It wasn't a foregone conclusion that Amazon would successfully navigate the coronavirus pandemic. CEO Jeff Bezos acknowledged early on that the company was experiencing the "hardest time we've ever faced." 

Tensions grew between Amazon and warehouse workers, as employees that pick, pack and ship packages argued the company wasn't doing enough to keep them safe from the virus. Lawmakers, regulators and worker rights groups criticized Amazon's treatment of warehouse workers and called on the company to do more.

The pandemic also generated unprecedented strain on Amazon's fulfillment and logistics operations. In a rare moment, Amazon was unable to meet its vaunted two-day delivery times, while many items showed out of stock notices across the site. The company is still working to return its operations to normal as the holiday shopping season looms. —Annie Palmer

Small businesses say they are ready for a second wave of cases

Small businesses say they are prepared for a second wave of coronavirus cases, according to a new survey.

Some 78% of respondents to a Comcast Business survey said that they could handle a resurgence, even though nearly two-thirds say they have lost at least a quarter of revenue this year.

The survey also showed that about three-quarters of small- and mid-sized firms see operations returning to normal within a year. —Jeff Cox

Disney+ now lets you sync movies with friends

Liu Yifei stars in Disney's "Mulan."
Disney

Disney+ rolled out its co-watching feature on Tuesday, allowing subscribers to sync movies and shows with their friends no matter where they are. 

The move, a convenient option during the pandemic, could help Disney attract new subscribers. Disney-owned Hulu introduced Hulu Watch Party in late May, while Amazon added a co-watching feature to Prime Video in June.

Up to seven people can watch Disney+ at once, and each user has the ability to pause, play, rewind or fast forward for the whole group, keeping everyone in sync. It works on the Disney+ website, on the Android and iPhone apps, smart TVs and connected devices. —Jessica Bursztynsky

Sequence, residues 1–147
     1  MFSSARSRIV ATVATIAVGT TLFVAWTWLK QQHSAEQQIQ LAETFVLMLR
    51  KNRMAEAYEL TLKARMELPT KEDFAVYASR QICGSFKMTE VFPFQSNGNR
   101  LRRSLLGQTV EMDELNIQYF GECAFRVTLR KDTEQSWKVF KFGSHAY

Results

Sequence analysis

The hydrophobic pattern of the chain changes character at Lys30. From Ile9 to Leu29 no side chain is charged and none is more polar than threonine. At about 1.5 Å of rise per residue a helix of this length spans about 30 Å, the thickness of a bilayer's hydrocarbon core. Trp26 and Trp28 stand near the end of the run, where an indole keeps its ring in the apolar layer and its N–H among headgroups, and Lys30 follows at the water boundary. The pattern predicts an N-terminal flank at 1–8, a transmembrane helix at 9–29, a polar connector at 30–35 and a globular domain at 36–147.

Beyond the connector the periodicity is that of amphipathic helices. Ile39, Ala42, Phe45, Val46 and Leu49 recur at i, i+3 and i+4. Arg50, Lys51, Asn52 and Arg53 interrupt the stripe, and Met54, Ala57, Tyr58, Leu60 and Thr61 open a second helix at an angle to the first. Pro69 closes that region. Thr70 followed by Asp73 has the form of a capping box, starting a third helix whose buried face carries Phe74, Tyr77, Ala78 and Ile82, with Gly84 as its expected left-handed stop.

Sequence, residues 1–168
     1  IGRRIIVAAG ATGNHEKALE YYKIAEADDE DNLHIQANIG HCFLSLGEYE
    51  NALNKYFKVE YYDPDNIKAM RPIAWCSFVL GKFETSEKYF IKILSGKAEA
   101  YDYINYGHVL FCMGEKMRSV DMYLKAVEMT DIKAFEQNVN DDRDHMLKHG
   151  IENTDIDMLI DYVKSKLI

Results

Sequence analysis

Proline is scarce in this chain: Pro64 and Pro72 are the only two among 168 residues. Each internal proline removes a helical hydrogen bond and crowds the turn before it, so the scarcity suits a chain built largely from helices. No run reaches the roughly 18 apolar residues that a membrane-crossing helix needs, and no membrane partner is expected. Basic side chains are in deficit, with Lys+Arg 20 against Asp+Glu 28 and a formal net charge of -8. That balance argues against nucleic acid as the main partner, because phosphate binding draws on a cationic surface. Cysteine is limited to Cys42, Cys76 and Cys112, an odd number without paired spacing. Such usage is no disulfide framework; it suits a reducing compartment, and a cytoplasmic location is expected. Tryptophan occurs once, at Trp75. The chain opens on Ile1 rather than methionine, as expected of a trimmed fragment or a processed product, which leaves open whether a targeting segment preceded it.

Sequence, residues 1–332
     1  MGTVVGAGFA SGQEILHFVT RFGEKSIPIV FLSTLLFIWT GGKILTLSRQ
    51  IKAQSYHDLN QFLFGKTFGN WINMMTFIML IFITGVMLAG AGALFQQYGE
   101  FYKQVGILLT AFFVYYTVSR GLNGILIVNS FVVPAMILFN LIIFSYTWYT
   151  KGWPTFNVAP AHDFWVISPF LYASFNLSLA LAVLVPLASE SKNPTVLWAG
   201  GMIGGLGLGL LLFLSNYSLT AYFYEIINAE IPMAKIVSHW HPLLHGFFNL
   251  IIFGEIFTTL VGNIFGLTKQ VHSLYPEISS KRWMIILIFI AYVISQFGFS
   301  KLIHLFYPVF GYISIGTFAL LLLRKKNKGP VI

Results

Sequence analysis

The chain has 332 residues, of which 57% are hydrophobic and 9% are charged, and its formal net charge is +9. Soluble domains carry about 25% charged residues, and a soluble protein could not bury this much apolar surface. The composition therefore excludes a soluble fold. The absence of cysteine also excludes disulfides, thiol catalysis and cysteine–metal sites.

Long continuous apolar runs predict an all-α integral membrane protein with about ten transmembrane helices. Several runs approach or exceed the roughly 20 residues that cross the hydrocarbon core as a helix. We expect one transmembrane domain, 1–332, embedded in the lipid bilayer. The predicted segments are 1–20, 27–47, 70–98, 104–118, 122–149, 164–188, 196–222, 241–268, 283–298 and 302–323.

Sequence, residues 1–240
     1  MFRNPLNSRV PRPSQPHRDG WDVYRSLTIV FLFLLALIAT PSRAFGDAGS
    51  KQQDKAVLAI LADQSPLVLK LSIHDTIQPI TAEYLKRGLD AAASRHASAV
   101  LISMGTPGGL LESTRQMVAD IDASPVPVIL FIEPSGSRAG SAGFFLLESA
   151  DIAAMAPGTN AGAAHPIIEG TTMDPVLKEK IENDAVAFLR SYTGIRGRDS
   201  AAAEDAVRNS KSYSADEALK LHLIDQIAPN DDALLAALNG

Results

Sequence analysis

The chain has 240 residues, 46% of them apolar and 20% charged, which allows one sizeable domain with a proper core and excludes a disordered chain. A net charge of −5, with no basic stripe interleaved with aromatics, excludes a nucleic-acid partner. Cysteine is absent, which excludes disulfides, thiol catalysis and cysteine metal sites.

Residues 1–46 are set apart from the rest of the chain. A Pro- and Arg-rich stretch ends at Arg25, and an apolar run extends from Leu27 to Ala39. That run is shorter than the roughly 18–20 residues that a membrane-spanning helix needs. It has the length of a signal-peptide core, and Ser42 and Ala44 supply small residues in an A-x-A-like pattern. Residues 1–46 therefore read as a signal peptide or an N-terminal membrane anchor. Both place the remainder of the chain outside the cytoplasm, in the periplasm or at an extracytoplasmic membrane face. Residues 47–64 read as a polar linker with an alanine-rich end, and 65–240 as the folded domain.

With pandemic, retail industry is shaken and reshaped

A wave of retail bankruptcies. The rise of contactless shopping. And a widening gap between wealthy shoppers and those who must penny-pinch.

As the global death toll topped 1 million people, the retail industry and companies' long-term trajectories have been permanently changed by the coronavirus pandemic. 

For some shopping mall staples, such as Brooks Brothers, J.C. Penney and J.Crew, the global health crisis was the final blow that forced them to file for bankruptcy protection. Others, such as TargetHome DepotPeloton and Lululemon, have benefited from consumers' interest in fixing up their homes, looking for ways to entertain themselves and adapting their daily routines and wardrobes has amounted to a leap forward for their businesses.

Across the industry, however, retailers have had to act quickly to stay relevant and keep up with consumers' shopping habits. They're adjusting as more sales move online, more consumers seek out options like curbside pickup and more Americans dress in athleisure and casual clothes as they work from home. —Melissa Repko and Lauren Thomas

The power in air travel is shifting to vacationers

Taking this type of vacation can keep work stress at bay.
@criene | Twenty20

The pandemic is forcing airlines to reimagine how they treat their most price-sensitive customers. With business travel mostly halted due to the spread of Covid-19, carriers are reshaping their networks to cater to leisure travelers, adding more beach and mountain destinations, where travelers can safely physically distance.

Airlines are also reversing course on ticket-change fees, which can run as much as $200. While most tickets are flexible because of the pandemic, United, Delta and American have said they will never again charge travelers to change their standard-economy flights, a bid to win over customers who might be placing a new value on flexibility.